8. I would say that maybe getting published in the traditional way isn’t all cracked up to be what people say it is. A first time author might make around $5000 (or less). Personally, I’ve decided to choose a different path and be an indie writer (what people here are calling self-publishing). With all the work I’ve done on writing, editing, working with readers to build a platform and network with other writers, I’m scratching my head thinking: Why would I give up all my sales going the traditional path? Granted, it’s harder but the world is changing. Publishing is changing. I need to learn all these skills anyway so why shouldn’t I put them to work for me now? I believe in my writing and my work and I’ve decided to not wait for traditional publishing to bless me with their magical powers only to realize that I’ll still have to push my book anyway. When I published “Cinderella’s Secret Diary” last month, I did so knowing that I have a good book. Sometimes it’s important to see we can make our own path and that united with other authors–we are not alone.

    • I think having a community of writers behind an indie publisher such as the WANA community is a great way to go. I have found my twitter/blogging community to be full of knowledge and support already. I think self publishing or going indie may be a choice I make for one of my novels which I believe is a great story but does not fit with what publishers are looking for at the moment and therefore may not make it through the slush piles. I also think it is something that people would like to read. I think it is fabulous that there is choice out there now for writers looking to get their stories out into the world.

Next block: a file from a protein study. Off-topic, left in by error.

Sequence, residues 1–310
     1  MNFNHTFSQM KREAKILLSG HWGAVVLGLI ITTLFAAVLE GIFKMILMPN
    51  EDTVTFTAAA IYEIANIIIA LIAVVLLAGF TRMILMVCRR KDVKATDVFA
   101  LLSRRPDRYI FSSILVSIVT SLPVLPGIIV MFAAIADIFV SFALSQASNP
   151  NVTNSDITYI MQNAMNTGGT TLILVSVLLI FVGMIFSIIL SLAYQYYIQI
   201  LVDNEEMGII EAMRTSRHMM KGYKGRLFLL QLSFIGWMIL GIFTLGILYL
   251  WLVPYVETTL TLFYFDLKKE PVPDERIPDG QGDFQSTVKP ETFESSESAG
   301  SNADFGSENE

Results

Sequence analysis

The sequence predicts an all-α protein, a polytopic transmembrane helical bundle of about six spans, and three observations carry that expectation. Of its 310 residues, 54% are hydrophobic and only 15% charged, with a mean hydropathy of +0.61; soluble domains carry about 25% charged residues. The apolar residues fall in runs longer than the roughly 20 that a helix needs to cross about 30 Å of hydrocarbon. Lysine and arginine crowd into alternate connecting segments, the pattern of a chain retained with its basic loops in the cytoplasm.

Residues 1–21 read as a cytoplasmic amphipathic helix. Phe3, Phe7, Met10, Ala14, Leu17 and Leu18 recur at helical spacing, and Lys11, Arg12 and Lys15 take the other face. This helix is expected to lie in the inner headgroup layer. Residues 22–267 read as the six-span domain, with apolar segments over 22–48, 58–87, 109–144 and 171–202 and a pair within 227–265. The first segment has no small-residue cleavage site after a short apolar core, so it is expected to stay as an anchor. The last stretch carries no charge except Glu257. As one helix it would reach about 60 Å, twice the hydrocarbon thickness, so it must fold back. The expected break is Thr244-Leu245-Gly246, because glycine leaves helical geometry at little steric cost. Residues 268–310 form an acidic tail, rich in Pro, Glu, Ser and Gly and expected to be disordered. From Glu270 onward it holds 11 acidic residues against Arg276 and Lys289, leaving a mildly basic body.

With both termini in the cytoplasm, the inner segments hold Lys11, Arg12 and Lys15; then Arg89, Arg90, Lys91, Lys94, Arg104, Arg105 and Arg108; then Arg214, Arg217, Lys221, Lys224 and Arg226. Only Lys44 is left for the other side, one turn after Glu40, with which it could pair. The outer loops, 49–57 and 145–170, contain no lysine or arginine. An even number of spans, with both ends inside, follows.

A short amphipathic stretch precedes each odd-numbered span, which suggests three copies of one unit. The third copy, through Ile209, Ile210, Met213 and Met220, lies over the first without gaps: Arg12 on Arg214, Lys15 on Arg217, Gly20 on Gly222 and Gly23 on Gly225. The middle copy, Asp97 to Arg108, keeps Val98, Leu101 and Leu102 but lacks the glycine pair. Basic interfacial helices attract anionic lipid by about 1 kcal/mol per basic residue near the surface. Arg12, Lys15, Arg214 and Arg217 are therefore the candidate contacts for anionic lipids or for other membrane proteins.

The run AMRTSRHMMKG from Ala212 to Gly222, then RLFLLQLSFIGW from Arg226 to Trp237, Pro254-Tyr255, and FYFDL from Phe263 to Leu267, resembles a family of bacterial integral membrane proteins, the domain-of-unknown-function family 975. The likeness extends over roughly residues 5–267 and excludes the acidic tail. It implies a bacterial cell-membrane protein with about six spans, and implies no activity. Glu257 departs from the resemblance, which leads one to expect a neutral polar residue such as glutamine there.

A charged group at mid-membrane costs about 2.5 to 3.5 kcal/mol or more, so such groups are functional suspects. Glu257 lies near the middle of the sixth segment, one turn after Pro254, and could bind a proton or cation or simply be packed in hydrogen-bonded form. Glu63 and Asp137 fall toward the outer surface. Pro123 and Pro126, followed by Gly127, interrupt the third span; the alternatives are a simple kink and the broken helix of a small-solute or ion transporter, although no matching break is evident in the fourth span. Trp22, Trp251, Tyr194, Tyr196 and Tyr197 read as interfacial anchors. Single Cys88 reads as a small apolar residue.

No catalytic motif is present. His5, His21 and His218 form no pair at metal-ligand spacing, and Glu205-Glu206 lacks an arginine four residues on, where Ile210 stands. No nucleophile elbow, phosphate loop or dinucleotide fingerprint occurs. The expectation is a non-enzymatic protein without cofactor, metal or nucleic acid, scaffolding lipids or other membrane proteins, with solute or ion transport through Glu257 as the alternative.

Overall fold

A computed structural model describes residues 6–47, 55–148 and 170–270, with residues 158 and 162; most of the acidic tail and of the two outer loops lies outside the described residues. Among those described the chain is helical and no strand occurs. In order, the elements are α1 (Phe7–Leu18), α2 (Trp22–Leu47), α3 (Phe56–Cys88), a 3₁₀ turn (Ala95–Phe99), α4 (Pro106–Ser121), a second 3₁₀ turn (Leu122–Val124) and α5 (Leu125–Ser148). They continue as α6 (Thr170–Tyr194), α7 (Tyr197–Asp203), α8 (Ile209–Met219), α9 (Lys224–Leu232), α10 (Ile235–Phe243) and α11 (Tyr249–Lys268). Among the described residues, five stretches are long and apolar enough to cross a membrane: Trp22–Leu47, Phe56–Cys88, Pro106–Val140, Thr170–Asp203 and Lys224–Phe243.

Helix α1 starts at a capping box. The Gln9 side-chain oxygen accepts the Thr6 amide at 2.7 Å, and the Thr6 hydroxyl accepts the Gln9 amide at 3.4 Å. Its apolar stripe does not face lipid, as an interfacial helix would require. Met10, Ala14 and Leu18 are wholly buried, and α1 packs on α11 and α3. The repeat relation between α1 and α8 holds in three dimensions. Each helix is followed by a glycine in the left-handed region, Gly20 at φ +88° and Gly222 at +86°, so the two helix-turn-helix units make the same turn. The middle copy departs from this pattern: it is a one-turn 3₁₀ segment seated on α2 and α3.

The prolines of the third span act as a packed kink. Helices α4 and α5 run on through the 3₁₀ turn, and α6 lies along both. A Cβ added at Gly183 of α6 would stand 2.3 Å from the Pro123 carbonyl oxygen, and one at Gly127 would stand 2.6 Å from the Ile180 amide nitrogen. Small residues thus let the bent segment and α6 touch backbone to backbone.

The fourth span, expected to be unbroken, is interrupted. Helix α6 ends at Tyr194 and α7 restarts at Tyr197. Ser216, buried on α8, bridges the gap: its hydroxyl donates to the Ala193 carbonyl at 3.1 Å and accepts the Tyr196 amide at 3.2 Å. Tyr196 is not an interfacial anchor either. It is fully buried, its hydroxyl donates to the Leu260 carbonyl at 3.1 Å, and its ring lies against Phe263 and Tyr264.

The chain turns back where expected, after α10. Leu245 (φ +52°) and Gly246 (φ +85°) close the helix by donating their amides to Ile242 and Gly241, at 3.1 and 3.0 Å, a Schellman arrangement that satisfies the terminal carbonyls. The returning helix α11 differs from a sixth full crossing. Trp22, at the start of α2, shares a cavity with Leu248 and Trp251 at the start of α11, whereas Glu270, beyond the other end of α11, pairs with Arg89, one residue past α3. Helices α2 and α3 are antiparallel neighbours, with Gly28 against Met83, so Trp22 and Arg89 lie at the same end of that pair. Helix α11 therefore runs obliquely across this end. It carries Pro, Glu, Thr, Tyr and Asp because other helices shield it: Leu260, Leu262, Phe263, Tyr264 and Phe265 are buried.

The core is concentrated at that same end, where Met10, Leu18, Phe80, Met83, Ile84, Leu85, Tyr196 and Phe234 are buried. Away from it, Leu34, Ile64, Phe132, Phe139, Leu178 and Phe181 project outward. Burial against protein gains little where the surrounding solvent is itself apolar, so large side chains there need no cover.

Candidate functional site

9. Oh yes I’d keep writing! A friend of mine, who writes short stories, made a comment recently about how could I possibly stand “just” being a novelist, because if one book doesn’t sell, it’s onto the next book. No publication credit, no kudos for all those years of work–just another round of blank pages to fill. I didn’t really have a good answer for her except this: I write novels. That’s what I do. It would be nice to have a collection of credits like she does, but I don’t. I have another novel-in-progress. And when I wake up every morning looking forward to writing, that’s what matters.

    • Beautiful way of putting it Laura! Perhaps for many of us the real success is truly in the process and not in the outcome.

      • Very true, Billie Jo! And that’s really interesting, because there are two types of knitters–process knitters and project knitters. While I enjoy the process, I want the finished object. That’s what motivates me. But apparently I’m the opposite kind of fiction writer, doing it for process, not the end result.

      • That is interesting, it shows it is not a personality trait but a reaction to the type of work you are crafting.

  10. Selena says:

    I would still write, and with as much passion as I do now.